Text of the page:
Sadly I had stop to get some more water so I bid farewell to Dan and resigned myself to spending the rest of the race riding solo. Just at that moment I heard a rider come past me and saw it was Tor, who must have only been a minute or two behind on Mont Ventoux and had ridden really strongly to catch up. I was surprised to see her – we have some friendly rivalry going ever since she beat me in the Taiwan KOM – but it was nice to have some company.
We weren’t too far behind Dan’s group so I went into domestique mode and we eventually caught up. The two ‘insignificant’ lumps before the final climb proved quite testing but didn’t split up the group. However, I nearly lost it when I dropped my phone trying to take a picture of Dan and Tor… unfortunately shattering the screen and putting paid to any further photo action.
On the final climb everyone went as hard as they could and I was surprised to crest the col some way ahead of the 20 or so riders that now formed our group. I put my head down to solo the last 10km, most of which was downhill, but the cramps returned and in the final couple of kilometres Tor and two guys caught me. It was another fine chasing effort from Tor and I crossed the finish just behind her. She was the second woman and nearly caught Magda, who finished only three minutes ahead. Our time was 4.50 which was an average speed of 27.5kph for the 132km (total ascent 3200m). The winner took 4.07(!) and Ray was the fastest Dynamo with 4.28 closely followed by Zav, who rode Mt Ventoux and the rest of the race with Ray. Dan finished 5th just over a minute behind Tor and I.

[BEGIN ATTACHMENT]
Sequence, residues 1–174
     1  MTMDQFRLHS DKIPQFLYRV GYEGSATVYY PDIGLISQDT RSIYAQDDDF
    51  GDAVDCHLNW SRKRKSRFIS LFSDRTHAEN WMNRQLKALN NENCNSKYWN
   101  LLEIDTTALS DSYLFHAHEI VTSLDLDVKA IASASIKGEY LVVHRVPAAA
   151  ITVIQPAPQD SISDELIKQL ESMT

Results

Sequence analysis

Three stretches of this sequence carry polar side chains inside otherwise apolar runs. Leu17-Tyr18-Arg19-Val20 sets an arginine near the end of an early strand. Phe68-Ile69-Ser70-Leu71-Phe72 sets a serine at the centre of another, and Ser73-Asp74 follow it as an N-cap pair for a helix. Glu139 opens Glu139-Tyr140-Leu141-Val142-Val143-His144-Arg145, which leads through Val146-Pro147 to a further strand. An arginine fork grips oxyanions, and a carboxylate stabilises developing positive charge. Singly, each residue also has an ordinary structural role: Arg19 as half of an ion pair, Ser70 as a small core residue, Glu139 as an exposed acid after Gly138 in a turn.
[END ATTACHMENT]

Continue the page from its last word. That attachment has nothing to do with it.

The following morning, Ray, Tor and I rode the Grimpée du Ventoux from Bédoin. It’s a similar climb to the one from Malaucène (21km and 1600m) but is generally regarded as the toughest way up the mountain. We felt terrible riding to the start (bad sensations from the legs etc.) but I actually had a good ride and suffered less than in the Granfondo. A slower start really paid off high up and I managed to maintain good power up the whole climb which I finished just under an hour and a half. Ray was a few minutes ahead of me – in spite of a terrible hangover – and Tor a few minutes behind me. This time however Tor was the fastest lady beating a well-known Belgian who holds the women’s record for riding Mont Ventoux the most times in 24 hours (… which is 8 times!). It was much colder and windier on the summit than the previous day so we took shelter in the café below the summit. As we rode down the road was filled with lunatic triathletes finishing the bike leg of Ventouxman. Is that what normal people think of us cyclists too? Talking of lunatics, Alex and our sportive secretary, Tim, did the Grimpée but continued riding to complete the three times in a day ‘Cinglés de Ventoux’ challenge.
Ray, Tor and I however, were glad to ride down the mountain and enjoy a leisurely lunch. A good way to end this year’s adventures on Giant of Provence.